Date of Submission

11-2015

Abstract

With the increasing professionalisation of the Australian Football League (AFL), greater demands are being placed upon AFL players with respect to their technical, tactical, and physiological training, in addition to increased requirements to promote their club’s brand via community appearances. Modern AFL players have an additional challenge as their careers will be typically limited to, at best, a decade or slightly more at the elite level. This means that they are also encouraged to develop an alternative career for when their playing days are over. Thus, given these demands, there is substantial challenge for the modern footballer in achieving a sense of balance between work and non-work life whilst also preparing for their next career.

Although there is a strong ethical argument to support professional athletes’ off-field activities and development away from the field, there is also a growing argument from some coaches and athletes that participating in these activities actually carries some benefit for the way athletes perform in their sport. Such an argument is consistent with contemporary human resource and management literature where in demanding professions, the support of employee work-life balance and holistic development has been shown to be associated with employee engagement and productivity. Within the AFL however there has been mixed views concerning the value of supporting player off-field activities and preparations for life after football. This is understandable given that there is often an underlying assumption in elite sport that to be successful you must ‘out work’ those you are competing with. The present thesis sought to investigate the potential value that participation in off-field activities associated with their lives away from football (i.e., their social, recreational, and career development activities) may have with respect to AFL players’ experience of engagement in their roles as footballers.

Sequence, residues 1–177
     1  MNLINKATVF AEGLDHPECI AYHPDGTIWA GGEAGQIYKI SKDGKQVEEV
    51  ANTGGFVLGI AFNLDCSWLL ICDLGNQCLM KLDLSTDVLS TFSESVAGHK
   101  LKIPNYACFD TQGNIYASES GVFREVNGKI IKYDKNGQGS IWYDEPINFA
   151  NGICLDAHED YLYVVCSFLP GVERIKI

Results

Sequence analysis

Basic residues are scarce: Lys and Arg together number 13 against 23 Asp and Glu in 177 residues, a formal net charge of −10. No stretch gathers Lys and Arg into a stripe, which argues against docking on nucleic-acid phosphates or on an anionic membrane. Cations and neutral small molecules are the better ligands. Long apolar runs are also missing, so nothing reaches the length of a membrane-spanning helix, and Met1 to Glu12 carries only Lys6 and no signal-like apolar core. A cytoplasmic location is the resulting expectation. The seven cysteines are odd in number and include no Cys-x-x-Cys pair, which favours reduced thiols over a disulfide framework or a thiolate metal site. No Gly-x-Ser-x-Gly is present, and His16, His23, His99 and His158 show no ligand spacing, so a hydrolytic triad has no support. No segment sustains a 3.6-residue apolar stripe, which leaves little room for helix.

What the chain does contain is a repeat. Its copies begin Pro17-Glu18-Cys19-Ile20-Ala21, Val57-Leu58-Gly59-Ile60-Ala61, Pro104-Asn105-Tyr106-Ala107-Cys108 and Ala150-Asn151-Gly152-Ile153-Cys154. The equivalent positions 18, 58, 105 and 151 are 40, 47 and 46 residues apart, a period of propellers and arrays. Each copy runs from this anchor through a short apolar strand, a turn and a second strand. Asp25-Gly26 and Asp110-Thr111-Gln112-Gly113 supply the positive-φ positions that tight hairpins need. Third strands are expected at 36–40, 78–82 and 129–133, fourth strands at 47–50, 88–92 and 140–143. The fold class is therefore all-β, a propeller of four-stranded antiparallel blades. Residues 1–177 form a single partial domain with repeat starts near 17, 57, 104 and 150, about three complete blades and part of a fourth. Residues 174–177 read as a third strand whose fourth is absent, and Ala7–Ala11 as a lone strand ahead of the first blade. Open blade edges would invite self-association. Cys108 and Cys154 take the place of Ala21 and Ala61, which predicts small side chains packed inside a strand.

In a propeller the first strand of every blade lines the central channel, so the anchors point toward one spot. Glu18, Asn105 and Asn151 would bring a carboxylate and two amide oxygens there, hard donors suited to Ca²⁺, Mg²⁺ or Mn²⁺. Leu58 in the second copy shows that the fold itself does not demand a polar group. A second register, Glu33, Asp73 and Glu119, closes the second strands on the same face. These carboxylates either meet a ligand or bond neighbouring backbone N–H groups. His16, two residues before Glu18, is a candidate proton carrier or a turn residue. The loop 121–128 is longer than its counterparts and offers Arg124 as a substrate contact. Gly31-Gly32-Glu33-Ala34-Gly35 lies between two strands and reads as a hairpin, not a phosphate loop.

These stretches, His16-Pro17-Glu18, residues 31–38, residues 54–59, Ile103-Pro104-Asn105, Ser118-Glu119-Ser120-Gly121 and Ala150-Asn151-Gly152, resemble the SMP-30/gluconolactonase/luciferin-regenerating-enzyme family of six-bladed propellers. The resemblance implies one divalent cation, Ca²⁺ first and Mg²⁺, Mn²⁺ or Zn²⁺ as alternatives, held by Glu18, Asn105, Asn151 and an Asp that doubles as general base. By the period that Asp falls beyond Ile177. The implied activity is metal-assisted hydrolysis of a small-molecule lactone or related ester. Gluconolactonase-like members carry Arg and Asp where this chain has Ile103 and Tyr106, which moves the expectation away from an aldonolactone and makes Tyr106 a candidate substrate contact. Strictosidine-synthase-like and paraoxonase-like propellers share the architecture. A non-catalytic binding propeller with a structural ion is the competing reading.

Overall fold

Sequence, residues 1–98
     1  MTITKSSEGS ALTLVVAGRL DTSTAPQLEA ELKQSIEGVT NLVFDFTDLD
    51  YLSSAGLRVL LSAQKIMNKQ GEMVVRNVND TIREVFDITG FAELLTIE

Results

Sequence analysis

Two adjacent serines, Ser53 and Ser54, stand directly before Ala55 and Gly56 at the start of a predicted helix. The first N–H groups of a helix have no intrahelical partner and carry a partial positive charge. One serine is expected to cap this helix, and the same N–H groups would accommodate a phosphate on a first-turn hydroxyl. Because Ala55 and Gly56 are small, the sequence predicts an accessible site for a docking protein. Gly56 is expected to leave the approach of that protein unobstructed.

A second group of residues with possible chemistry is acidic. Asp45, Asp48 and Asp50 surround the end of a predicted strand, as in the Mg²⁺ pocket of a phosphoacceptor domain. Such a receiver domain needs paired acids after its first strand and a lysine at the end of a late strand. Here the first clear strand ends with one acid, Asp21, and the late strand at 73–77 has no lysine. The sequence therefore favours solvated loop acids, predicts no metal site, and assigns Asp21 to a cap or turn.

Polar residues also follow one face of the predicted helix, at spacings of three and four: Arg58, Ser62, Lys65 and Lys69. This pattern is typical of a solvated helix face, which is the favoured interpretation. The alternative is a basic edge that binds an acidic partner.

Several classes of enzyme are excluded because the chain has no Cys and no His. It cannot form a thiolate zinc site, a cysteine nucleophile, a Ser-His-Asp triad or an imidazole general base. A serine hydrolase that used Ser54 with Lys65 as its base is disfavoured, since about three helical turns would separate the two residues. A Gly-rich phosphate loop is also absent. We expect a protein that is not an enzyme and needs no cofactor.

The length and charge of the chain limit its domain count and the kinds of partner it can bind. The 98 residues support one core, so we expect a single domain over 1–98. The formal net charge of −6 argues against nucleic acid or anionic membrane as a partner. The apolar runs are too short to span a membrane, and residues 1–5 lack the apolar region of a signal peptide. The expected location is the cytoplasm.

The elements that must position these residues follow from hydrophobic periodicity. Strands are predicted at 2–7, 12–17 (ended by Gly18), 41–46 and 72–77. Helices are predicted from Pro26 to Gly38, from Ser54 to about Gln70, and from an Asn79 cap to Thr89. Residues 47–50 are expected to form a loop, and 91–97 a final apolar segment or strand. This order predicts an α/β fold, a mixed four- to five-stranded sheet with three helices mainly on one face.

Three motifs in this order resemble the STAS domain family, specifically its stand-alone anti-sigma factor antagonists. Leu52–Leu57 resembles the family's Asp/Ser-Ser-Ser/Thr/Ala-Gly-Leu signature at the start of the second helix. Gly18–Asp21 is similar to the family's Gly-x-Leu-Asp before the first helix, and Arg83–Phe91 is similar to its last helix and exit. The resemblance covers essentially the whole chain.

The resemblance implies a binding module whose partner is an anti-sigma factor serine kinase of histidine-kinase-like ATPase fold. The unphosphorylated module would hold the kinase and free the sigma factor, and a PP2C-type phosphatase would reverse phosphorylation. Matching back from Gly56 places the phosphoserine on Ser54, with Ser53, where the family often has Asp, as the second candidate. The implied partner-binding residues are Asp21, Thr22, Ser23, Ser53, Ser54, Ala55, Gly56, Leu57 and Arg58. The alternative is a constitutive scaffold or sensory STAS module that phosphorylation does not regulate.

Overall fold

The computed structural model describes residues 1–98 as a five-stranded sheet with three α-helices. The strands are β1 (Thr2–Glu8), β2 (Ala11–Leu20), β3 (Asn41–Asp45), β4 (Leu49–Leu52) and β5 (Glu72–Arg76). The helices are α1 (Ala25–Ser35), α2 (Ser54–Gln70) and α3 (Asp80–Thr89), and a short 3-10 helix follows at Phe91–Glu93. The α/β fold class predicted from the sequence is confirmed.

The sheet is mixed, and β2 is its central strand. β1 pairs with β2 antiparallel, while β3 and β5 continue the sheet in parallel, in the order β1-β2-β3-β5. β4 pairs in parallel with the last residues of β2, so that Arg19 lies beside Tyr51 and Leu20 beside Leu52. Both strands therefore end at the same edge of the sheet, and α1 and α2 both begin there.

School/Institute

School of Exercise Science

Document Type

Thesis

Access Rights

Open Access

Extent

391 pages

Degree Name

Doctor of Philosophy (PhD)

Faculty

Faculty of Health Sciences

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Research Location

 
COinS